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Old 07-06-2012, 08:20 PM   #7
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I am pretty sure my low efficiency is due to the rapid rate that I sparged. I batch sparged it in under 10minutes. I thought I should slow it down a bit, but I was really hung over 4th of July morning when I brewed. I am also using a 60qt cooler with a single stainless steel braid. I don't think the single braid allows the grain to drain efficiently with that big of cooler. I was much closer to my target on my first AG brew but I went much slower, resulting in a stuck mash a couple times. I ended up with a lot of grain particles in my wort as I didn't recirculate the first quart after each stuck mash. I established a better grain bed this time, so I was happy to see it drain without sticking, but I am sure I let it drain too fast. I am probably going to redesign my mash tun to eliminate the steel braid and replace it with copper pipe for better mash tun floor coverage. I will also try to be more patient.

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Old 07-06-2012, 08:43 PM   #8
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I neglected to measure the gravity before my boil, so I don't know my efficiency. I had a little trouble with the initial temperature when mashing. I mixed 3.75 gallons of 165 degree water into the 12lbs of grain and it fell to under 145 degrees, so I heated up another gallon to 170 and added that to bring the temp up to 149 which only dropped 2 degrees over 60 minutes. My sparge water may have been a little cool, I added in 4.25 gallons of 175 degree sparge water which only raised the temp to 160 degrees. I reached my target volume of a little under 6.5 gallons, which I boiled down to just over 5 gallons.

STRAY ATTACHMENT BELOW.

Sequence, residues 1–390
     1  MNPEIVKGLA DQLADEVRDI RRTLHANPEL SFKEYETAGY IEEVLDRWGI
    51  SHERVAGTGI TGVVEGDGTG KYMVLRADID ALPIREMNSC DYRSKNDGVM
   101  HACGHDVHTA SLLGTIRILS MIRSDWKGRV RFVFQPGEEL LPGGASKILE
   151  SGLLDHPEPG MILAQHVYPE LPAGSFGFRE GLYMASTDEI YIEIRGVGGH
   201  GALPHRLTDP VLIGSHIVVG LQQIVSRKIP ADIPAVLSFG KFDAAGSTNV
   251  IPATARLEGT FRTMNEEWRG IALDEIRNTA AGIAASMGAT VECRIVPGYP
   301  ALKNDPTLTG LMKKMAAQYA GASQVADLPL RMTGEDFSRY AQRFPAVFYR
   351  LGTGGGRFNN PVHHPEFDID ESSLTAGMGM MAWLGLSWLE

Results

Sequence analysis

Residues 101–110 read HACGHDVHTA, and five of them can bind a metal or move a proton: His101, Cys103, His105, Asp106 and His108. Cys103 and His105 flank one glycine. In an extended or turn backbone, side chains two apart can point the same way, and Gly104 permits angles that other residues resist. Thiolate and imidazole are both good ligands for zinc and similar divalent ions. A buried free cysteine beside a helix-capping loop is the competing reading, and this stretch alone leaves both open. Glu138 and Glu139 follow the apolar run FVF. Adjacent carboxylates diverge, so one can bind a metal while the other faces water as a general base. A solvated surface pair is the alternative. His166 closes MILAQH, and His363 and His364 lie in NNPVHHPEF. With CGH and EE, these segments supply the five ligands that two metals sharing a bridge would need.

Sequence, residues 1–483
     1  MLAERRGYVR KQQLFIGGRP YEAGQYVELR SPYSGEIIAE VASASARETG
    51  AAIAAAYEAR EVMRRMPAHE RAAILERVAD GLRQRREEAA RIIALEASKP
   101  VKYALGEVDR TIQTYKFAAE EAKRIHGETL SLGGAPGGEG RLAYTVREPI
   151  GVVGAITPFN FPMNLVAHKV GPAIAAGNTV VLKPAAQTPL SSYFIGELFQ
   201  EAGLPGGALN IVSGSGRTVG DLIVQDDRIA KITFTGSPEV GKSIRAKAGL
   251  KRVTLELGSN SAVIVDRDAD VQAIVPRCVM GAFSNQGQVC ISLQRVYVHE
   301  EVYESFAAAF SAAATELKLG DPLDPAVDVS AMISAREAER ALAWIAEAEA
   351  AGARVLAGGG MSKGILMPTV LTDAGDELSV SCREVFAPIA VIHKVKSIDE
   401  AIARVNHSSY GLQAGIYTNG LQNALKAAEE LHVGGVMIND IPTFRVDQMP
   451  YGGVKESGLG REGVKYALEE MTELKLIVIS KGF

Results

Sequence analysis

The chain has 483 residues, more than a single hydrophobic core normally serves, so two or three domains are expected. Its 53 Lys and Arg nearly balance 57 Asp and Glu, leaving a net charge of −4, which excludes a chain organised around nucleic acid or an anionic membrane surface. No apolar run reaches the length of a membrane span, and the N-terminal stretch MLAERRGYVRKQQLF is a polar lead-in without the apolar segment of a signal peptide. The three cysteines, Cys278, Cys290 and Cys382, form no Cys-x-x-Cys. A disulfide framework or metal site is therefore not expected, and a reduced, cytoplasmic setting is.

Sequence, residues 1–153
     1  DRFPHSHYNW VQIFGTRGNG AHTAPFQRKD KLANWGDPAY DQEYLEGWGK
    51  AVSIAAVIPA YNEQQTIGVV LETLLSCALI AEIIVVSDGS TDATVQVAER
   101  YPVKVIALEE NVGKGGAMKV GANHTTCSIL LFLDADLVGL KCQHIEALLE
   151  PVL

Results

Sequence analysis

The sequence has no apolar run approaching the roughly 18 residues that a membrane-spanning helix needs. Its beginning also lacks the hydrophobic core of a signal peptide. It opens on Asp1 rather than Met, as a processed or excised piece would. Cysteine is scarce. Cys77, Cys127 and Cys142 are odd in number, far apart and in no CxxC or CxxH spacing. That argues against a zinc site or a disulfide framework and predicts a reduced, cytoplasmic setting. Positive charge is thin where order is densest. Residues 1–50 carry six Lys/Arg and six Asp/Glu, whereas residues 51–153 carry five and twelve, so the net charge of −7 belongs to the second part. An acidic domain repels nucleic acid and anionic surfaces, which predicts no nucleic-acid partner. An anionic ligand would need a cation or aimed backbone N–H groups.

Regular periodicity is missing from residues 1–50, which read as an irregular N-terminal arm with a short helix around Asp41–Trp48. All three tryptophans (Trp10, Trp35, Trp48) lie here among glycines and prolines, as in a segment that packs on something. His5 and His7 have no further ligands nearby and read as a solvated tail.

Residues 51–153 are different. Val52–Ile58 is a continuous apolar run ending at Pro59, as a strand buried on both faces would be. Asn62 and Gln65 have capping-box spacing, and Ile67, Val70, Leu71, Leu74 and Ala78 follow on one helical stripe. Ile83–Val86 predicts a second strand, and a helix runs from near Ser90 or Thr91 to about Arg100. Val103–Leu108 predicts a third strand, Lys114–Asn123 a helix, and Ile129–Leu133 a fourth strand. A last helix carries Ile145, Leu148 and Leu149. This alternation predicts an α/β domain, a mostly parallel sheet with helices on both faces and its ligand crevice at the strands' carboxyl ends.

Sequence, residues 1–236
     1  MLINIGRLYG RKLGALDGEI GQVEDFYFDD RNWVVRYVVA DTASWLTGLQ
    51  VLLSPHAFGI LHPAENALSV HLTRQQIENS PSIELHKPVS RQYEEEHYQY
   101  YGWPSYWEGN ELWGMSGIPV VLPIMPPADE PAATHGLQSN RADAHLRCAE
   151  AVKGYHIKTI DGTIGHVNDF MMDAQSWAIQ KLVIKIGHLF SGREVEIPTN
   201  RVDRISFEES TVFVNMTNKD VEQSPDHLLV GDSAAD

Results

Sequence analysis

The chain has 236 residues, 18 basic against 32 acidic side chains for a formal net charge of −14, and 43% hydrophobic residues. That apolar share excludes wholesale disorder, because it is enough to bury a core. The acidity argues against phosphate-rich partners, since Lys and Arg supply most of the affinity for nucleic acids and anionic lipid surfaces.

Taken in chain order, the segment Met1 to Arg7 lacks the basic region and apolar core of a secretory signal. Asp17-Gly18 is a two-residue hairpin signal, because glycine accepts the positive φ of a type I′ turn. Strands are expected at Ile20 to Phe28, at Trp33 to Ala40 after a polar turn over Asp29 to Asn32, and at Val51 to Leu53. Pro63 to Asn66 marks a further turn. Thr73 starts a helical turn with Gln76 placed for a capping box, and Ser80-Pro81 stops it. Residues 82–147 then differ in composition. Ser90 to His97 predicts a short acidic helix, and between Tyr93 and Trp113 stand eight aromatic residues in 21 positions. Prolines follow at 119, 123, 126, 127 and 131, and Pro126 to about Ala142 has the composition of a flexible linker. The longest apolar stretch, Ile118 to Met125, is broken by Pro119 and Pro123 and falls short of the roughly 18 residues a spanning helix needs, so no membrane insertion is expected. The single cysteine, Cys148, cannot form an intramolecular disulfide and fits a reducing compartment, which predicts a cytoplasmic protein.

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Old 07-06-2012, 09:11 PM   #9
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In batch sparging you can drain as fast as you want with out any efficiency effects, so that's not the issue. And sparge water temp doesn't make a noticeable difference either. At such a low mash temperature it is possible that you didn't get full conversion, and need to mash longer. That's probably not the issue though. Typically when you get low efficiency in batch sparging it is from a poor grain crush. Do you crush your own grain?
One other thing is to check that you hydrometer is calibrated. Put it in some tap water at 60F and see if it reads 1.000 or close to it.

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Old 07-06-2012, 10:25 PM   #10
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Good advice on checking the accuracy of my Hydrometer. I will check it out this evening. I purchased the grain crushed from Northern Brewer, I assume they would do a decent crush. It looked like a fairly fine crush. Has anyone had problems with Northern Brewer's crush?